The median incubation time for patients relapsing with RMP-susceptible strains was 7 years, not significantly shorter than the incubation time among patients harboring RMP-resistant strains of M. leprae. The long interval between cessation of RMP administration and relapse suggests that, after cessation of treatment, the organisms remained in a persisting state for long periods of time. That the incubation time of relapse was similar in both groups of patients suggests that the population of RMP-susceptiblc persisting M. leprae may be of the same size as that of the population of RMP-resistant mutants. Such an hypothesis is consistent with current concepts (2) and available data (9,17).

Finally, the broad range of incubation times suggests large differences in the ability to contain small populations of M. leprae from patient to patient. If this be so, then some patients may not relapse until many years after treatment has been completed. Although it has been suggested (10-12) that 50% of the relapses in multibacillary leprosy should appear within 3 years of stopping treatment, our data suggest that the majority of relapses may occur only much later. Therefore, a long period of follow up is required before a multibacillary patient may be regarded as cured.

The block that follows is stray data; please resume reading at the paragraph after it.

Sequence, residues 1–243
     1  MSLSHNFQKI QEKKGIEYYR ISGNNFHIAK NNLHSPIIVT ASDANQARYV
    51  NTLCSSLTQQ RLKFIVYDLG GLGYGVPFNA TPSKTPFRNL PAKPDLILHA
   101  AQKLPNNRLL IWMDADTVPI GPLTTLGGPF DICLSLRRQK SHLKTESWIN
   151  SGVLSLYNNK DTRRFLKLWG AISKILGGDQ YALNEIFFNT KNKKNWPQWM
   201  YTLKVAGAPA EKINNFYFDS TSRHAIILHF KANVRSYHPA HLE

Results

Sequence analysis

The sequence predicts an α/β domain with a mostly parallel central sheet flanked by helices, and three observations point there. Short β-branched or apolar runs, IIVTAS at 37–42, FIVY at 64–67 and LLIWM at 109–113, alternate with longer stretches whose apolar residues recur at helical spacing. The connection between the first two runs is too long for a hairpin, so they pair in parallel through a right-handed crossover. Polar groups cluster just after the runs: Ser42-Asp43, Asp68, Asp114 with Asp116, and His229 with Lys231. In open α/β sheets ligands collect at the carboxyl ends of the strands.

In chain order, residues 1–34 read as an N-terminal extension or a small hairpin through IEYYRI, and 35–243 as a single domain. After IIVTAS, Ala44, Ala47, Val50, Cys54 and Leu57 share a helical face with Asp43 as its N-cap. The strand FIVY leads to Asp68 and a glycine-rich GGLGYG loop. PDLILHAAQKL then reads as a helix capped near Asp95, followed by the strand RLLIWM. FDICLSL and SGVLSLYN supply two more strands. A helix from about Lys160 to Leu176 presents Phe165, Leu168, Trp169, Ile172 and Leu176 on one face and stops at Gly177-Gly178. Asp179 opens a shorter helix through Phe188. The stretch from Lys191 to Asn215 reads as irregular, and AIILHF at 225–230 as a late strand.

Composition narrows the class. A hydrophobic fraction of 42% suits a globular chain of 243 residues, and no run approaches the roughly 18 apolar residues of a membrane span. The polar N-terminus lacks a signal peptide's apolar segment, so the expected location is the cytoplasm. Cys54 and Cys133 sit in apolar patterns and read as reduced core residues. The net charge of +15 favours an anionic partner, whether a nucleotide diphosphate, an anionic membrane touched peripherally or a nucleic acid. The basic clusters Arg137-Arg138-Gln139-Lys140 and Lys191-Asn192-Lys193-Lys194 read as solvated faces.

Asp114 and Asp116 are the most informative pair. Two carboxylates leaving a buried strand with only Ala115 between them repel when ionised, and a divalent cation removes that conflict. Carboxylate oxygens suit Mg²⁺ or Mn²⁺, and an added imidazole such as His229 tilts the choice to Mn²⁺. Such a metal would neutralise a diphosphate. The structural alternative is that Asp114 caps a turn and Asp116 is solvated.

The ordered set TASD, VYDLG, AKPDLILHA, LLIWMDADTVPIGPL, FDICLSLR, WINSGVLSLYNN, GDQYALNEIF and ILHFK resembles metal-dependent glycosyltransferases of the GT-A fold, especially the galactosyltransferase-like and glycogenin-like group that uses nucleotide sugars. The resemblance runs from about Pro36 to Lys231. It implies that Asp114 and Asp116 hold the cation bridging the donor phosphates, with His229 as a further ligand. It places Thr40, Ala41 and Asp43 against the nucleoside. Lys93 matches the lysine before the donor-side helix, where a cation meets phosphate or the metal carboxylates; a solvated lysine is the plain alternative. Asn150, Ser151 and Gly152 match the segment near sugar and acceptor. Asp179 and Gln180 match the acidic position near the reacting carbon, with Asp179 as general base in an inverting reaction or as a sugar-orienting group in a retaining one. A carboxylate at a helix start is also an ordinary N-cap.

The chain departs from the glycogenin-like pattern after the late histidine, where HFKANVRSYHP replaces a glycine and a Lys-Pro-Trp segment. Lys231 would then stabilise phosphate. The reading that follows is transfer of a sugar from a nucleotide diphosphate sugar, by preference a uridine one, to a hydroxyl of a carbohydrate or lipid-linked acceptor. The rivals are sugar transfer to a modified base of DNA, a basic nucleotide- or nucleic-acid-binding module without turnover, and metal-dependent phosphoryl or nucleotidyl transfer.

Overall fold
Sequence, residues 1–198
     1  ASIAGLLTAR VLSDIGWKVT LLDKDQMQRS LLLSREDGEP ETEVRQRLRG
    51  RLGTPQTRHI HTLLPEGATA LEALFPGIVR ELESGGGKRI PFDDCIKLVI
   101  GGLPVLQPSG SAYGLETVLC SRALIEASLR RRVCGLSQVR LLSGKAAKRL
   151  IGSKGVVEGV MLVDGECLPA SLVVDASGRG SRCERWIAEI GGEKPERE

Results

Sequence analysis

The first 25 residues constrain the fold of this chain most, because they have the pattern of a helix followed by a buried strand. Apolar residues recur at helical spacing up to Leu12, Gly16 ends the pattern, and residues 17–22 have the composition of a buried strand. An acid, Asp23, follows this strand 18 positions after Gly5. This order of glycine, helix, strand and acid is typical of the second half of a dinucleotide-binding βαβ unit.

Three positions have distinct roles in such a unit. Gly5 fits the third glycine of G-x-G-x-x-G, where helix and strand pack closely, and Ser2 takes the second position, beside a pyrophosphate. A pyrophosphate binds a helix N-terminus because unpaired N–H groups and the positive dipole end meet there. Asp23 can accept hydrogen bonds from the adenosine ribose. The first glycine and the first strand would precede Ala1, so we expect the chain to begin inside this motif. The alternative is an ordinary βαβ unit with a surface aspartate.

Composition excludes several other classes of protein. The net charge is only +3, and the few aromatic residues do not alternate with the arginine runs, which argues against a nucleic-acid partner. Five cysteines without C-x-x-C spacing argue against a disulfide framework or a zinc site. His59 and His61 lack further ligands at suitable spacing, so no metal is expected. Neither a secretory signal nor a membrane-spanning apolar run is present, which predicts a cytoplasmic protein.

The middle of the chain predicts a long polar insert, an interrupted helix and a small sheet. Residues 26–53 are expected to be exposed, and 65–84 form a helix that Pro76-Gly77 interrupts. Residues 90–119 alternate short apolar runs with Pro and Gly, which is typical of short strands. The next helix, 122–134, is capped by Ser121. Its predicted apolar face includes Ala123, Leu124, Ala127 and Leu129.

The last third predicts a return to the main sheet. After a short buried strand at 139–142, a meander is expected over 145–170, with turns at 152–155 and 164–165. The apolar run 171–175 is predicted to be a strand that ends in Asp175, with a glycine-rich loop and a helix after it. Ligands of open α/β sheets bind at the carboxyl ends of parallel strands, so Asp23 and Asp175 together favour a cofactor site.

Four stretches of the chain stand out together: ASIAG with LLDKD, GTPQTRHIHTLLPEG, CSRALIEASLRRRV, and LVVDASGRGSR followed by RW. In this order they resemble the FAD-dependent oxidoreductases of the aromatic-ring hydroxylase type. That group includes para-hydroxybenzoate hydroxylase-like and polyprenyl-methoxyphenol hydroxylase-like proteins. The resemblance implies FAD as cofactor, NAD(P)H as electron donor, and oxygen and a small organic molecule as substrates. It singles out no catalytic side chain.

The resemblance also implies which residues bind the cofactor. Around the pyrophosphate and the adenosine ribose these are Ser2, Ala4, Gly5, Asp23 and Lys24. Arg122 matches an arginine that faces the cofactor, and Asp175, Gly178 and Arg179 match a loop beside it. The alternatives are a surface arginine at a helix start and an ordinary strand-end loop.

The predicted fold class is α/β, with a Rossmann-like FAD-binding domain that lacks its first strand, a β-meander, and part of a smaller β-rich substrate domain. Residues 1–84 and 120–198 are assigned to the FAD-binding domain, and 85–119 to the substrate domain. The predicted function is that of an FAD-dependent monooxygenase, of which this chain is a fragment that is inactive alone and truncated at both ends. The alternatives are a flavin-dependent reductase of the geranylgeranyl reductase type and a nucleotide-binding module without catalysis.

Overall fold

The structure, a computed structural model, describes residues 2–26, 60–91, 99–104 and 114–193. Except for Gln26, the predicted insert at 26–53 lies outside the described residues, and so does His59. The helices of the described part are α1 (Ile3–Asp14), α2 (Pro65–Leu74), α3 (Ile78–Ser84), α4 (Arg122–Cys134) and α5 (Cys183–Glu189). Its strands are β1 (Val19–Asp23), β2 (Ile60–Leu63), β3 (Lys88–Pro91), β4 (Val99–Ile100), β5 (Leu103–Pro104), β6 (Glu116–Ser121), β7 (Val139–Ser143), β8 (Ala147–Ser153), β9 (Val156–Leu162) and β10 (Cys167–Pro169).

Acknowledgments. The writers thank Evelyne Perani, Corinne Bcoletto and Delphine Dufosset for their dedicated work, and are indebted to Professor Louis Levy and Dr. Ji Baohong, Secretary of THELEP, WHO, Geneva, for providing help and advice in the preparation of this manuscript.



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1. M.D., Professor; Faculté de Médecine Pitié-Salpêtrière, 91 Blvd. de l'Hôpital, 75634 Paris Cedex 13, France.
2. M.D., Assistant, Departement de Bactériologie-Virologie, Faculté de Médecine Pitié-Salpêtrière, 91 Blvd. de l'Hôpital, 75634 Paris Cedex 13, France.
3. M. D., Centre Hospitalier Territorial, Nouméa, New Caledonia.
4. M.D., Département de Parasitologic, Hôpital Pitié-Salpêtrière, Paris, France.
5. M.D., Institut Louis Malardé, Papeete, Tahiti.
6. M.D., Head, Departement de Dermatologie, Hôpital Clarac, Fort-de-France, Martinique.
7. M.D., Département de Dermatologie, Hôpital Saint-Louis, Paris, France.
8. M.D., Institut Pasteur, Guadeloupe.
9. M.D., Departement de Dermatologie, Hôpital Henri Mondor, Crétcil, France.
10. M.D., Director, Institut de Léprologie Appliquée, Dakar, Sénégal.

Received for publication on 22 December 1988.
Accepted for publication in revised form on 24 April 1989.